Please use this identifier to cite or link to this item: https://hdl.handle.net/10356/169191
Title: Restoration of lysosomal acidification rescues autophagy and metabolic dysfunction in non-alcoholic fatty liver disease
Authors: Zeng, Jialiu 
Acin-Perez, Rebeca
Assali, Essam A.
Martin, Andrew
Brownstein, Alexandra J.
Petcherski, Anton
Fernández-del-Rio, Lucía
Xiao, Ruiqing
Lo, Chih Hung
Shum, Michaël
Liesa, Marc
Han, Xue
Shirihai, Orian S.
Grinstaff, Mark W.
Keywords: Science::Medicine
Issue Date: 2023
Source: Zeng, J., Acin-Perez, R., Assali, E. A., Martin, A., Brownstein, A. J., Petcherski, A., Fernández-del-Rio, L., Xiao, R., Lo, C. H., Shum, M., Liesa, M., Han, X., Shirihai, O. S. & Grinstaff, M. W. (2023). Restoration of lysosomal acidification rescues autophagy and metabolic dysfunction in non-alcoholic fatty liver disease. Nature Communications, 14(1), 2573-. https://dx.doi.org/10.1038/s41467-023-38165-6
Project: 021229-00001 
021207-00001 
Journal: Nature Communications 
Abstract: Non-alcoholic fatty liver disease (NAFLD) is the most common liver disease in the world. High levels of free fatty acids in the liver impair hepatic lysosomal acidification and reduce autophagic flux. We investigate whether restoration of lysosomal function in NAFLD recovers autophagic flux, mitochondrial function, and insulin sensitivity. Here, we report the synthesis of novel biodegradable acid-activated acidifying nanoparticles (acNPs) as a lysosome targeting treatment to restore lysosomal acidity and autophagy. The acNPs, composed of fluorinated polyesters, remain inactive at plasma pH, and only become activated in lysosomes after endocytosis. Specifically, they degrade at pH of ~6 characteristic of dysfunctional lysosomes, to further acidify and enhance the function of lysosomes. In established in vivo high fat diet mouse models of NAFLD, re-acidification of lysosomes via acNP treatment restores autophagy and mitochondria function to lean, healthy levels. This restoration, concurrent with reversal of fasting hyperglycemia and hepatic steatosis, indicates the potential use of acNPs as a first-in-kind therapeutic for NAFLD.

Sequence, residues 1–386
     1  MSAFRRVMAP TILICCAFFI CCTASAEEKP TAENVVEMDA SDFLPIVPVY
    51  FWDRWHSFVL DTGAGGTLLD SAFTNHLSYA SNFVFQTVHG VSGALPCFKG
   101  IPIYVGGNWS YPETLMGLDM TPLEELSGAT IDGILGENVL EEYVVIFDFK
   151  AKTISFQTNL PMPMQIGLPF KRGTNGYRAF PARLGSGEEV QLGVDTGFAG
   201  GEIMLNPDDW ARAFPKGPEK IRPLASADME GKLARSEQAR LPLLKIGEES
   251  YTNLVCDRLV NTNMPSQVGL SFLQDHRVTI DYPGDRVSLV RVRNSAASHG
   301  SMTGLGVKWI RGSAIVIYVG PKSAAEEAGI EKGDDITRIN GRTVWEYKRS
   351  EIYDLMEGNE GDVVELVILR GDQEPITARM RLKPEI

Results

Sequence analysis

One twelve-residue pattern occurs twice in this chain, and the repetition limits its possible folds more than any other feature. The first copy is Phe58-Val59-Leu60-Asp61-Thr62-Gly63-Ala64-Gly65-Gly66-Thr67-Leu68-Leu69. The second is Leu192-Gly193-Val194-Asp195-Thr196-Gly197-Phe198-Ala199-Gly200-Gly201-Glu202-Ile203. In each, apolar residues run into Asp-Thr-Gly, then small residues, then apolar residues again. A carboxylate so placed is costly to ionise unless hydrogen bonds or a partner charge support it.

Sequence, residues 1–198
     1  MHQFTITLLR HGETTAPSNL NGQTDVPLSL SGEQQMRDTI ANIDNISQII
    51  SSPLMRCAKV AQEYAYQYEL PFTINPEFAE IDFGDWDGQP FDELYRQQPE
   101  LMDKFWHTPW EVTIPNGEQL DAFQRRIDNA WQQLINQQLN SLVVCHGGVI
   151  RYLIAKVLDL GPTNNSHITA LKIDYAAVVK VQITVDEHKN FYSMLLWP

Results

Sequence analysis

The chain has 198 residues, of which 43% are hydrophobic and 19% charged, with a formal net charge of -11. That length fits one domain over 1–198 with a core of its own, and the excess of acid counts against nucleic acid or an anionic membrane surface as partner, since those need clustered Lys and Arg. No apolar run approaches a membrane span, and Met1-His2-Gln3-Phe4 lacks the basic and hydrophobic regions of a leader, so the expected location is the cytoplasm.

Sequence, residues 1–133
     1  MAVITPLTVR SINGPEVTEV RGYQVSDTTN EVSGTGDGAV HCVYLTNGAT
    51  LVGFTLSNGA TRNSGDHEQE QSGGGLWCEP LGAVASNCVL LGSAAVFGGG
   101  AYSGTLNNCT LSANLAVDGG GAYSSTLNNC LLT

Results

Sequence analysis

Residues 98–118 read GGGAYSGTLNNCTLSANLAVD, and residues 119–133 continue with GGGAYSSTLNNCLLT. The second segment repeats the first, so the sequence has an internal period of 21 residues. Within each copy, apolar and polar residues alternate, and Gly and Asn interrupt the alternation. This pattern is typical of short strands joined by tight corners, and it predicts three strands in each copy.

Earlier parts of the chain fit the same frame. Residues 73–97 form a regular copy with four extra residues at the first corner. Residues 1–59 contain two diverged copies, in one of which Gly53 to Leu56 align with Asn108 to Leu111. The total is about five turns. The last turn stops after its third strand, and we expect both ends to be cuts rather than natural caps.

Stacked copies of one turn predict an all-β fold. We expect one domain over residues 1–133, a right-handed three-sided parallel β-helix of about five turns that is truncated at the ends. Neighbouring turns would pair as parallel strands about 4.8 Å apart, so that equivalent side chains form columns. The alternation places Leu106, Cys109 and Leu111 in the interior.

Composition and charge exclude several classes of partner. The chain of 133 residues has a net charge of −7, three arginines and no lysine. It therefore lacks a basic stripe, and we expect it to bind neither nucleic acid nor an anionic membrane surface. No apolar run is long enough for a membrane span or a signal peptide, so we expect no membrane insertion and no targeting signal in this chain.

URI: https://hdl.handle.net/10356/169191
ISSN: 2041-1723
DOI: 10.1038/s41467-023-38165-6
Schools: Lee Kong Chian School of Medicine (LKCMedicine) 
Rights: © The Author(s) 2023. Open Access. This article is licensed under a Creative Commons Attribution 4.0 International License, which permits use, sharing, adaptation, distribution and reproduction in any medium or format, as long as you give appropriate credit to the original author(s) and the source, provide a link to the Creative Commons license, and indicate if changes were made. The images or other third party material in this article are included in the article’s Creative Commons license, unless indicated otherwise in a credit line to the material. If material is not included in the article’s Creative Commons license and your intended use is not permitted by statutory regulation or exceeds the permitted use, you will need to obtain permission directly from the copyright holder. To view a copy of this license, visit http://creativecommons.org/ licenses/by/4.0/.
Fulltext Permission: open
Fulltext Availability: With Fulltext
Appears in Collections:LKCMedicine Journal Articles

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